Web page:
- Taming Complexity: A New Solution for In-House Healthcare EDI
- Advanced Text Mining Improves Medicare Advantage Coding
- Beyond the EHR: Seamlessly Connecting Nurses and Physicians Using an EHR-Extender (EHR-e)
- Realizing the Promise of Health Information Exchange
- HIE Interoperability case study: Health-e-cITi-NJ
The quest for Meaningful Use Stage 2 kicked off once the Centers for Medicare and Medicaid Services and the Office of the National Coordinator for Health Information Technology issued the notices of proposed rulemaking (NPRMs) in late February.
With the NPRMs, CMS and ONC collectively signaled a desire to continue to move healthcare providers and technology innovators closer to the ultimate goals of the HITECH Act. At the same time, some provisions of the NPRMs suggest a dawning recognition that it may take a little longer than originally envisioned to achieve the quality, safety and efficiency gains that proponents believe are possible when healthcare providers are supported in the right way by the right kinds of health information technology tools.
[HIMSS legal corner: Why HIE is indispensable to ACO success.]
The NPRMs attempt to strike a difficult balance between sustaining forward momentum toward meaningful goals and ensuring that providers who face greater impediments to EHR adoption have the time, support and incentive to catch up.
Reports from the Front Lines
In order to understand the balance CMS and ONC attempted to strike, it is important to note the context into which CMS and ONC issued the proposed rules. While it is still too early in the meaningful use experience to draw reliable conclusions from the first round of Meaningful Use Stage 1 attestations, the end of 2011 and beginning of 2012 saw the release of a number of statistical reports that revealed some interesting data. The annual survey published in November by the Centers for Disease Control's shows while that there is a wide variation among the states in EHR adoption rates, ranging from a low of 40 percent to as much as 84 percent, overall adoption rates and intent to apply for MU incentives continue to grow among physicians throughout the country. Statistics recently released by the two agencies on attestations under the Medicare Meaningful use stage 1 incentive program also show an increased pace of provider attestations and payments.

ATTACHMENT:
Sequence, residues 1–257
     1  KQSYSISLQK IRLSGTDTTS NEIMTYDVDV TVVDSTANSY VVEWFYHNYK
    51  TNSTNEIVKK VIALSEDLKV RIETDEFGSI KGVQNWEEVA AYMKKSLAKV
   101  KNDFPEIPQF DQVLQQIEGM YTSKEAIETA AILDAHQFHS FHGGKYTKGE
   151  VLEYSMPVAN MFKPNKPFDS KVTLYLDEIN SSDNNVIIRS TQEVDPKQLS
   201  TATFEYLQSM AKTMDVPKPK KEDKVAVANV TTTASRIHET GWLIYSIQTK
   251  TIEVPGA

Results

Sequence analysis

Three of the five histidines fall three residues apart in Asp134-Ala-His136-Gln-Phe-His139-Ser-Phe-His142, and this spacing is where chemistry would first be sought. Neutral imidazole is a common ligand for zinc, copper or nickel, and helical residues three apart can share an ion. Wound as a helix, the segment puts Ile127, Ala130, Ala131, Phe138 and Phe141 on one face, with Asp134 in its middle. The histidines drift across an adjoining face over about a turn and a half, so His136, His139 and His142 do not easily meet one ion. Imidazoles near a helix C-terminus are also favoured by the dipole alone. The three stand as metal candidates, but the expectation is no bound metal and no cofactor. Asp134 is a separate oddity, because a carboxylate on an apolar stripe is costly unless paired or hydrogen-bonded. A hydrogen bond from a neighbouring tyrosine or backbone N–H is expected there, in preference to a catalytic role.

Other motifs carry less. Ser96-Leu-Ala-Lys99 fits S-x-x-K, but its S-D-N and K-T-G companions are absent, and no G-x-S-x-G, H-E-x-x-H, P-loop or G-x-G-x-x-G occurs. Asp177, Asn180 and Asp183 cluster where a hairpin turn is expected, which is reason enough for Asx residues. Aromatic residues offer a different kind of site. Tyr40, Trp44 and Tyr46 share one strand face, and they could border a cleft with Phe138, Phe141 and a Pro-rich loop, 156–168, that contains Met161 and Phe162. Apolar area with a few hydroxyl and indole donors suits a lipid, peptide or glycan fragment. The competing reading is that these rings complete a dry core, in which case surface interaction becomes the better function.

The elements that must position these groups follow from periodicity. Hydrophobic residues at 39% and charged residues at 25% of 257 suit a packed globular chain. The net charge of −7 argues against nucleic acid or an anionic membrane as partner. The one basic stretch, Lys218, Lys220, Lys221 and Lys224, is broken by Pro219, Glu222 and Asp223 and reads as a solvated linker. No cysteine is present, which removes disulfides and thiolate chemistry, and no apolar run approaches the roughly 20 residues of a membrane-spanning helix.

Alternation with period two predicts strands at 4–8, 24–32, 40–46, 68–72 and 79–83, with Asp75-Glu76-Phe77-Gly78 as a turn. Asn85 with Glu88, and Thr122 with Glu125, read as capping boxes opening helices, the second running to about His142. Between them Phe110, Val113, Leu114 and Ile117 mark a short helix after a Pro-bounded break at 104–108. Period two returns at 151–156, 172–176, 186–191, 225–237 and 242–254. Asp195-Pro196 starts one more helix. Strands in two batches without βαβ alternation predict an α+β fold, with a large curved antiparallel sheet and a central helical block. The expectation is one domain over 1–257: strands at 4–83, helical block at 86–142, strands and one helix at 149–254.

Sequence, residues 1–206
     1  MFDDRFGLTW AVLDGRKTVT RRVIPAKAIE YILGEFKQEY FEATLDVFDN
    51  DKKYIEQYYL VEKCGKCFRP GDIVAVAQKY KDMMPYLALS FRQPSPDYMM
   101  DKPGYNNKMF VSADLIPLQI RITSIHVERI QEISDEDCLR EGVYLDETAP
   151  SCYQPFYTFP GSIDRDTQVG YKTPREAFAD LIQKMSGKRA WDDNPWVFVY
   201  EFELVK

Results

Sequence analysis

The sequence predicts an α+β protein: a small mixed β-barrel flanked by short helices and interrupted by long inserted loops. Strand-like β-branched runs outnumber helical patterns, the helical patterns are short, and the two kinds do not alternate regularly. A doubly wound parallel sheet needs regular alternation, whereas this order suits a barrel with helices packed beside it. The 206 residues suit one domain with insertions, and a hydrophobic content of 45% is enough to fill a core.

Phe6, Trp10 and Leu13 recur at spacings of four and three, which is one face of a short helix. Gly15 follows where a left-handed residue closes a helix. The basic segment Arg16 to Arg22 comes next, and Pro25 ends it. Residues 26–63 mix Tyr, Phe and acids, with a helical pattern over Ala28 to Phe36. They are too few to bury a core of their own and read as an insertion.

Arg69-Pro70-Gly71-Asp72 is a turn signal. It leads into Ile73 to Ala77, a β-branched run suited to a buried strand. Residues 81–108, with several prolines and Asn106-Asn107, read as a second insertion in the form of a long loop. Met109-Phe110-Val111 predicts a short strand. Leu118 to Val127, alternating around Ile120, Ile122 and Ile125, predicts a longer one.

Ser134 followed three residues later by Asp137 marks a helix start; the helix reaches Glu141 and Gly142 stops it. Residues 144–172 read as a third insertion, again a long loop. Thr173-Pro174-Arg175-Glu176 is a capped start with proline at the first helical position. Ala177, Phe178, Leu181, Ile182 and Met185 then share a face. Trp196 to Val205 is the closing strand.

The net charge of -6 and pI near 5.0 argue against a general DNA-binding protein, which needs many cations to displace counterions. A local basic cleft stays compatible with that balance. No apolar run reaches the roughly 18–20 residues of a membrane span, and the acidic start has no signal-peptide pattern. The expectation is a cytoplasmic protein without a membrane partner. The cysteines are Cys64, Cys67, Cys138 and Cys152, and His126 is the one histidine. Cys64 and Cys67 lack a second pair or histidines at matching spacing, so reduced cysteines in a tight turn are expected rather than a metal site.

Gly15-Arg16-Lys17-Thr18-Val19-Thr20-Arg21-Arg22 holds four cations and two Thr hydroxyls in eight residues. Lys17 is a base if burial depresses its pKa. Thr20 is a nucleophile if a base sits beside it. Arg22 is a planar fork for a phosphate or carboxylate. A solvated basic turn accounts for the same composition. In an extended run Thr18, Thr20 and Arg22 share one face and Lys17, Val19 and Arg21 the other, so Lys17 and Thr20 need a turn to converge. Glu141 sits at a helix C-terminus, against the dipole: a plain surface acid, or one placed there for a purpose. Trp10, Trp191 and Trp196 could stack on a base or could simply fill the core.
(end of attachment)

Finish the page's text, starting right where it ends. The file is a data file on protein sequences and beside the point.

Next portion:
Some discernible themes are beginning to emerge from the statistical and anecdotal information available on MU1:
- The physicians and hospitals that were first to the attestation flag tended to be early adopters of EHR systems that were well along the psychological and physical paths of implementing these systems even before the MU1 gate opened in 2011.
- On average providers exceeded MU1 thresholds by a wide margin, suggesting that once providers overcame the initial workflow and technical hurdles to meaningfully using EHR systems in one area of their practice or facility or for one type of patient, they faced fewer impediments to propagating that use throughout their practice or facility or for all types of patients.
- The MU1 menu items relating to patient engagement and health information exchange showed very low rates of attestation, with the two reasons most often cited by providers for why they were not prepared to attest to meaningful use in these areas being the difficulty of revamping internal procedures to incorporate this process and the failure of EHR vendors to provide the necessary product features or technical support.
- While more physicians are adopting EHRs into their practice, choosing EHRs that are capable of achieving MU1 attestation requirements and expressing an intention ultimately to apply for meaningful use incentives under either the Medicare or Medicaid programs, there are still a significant number of physicians remaining on the sidelines waiting for greater preparedness, certainty or clarity.
CMS and ONC were also facing countervailing political pressures from all directions. On the one hand, politicians and diverse coalitions including health organizations, technology companies and payers have been advocating for a more aggressive push toward health information technology utilization and health information exchange. On the other hand, many groups, especially those representing providers have urged caution—pointing to the medical risks associated with the introduction of unfamiliar, distracting and intrusive technology into the care setting. Consumer groups are arrayed on both sides of the issue, with some raising alarms about the enormous risks to personal health information security posed by e-health initiatives and others demanding a faster pace of implementation in order to hasten the advent of truly coordinated care and greater patient involvement in care decisions.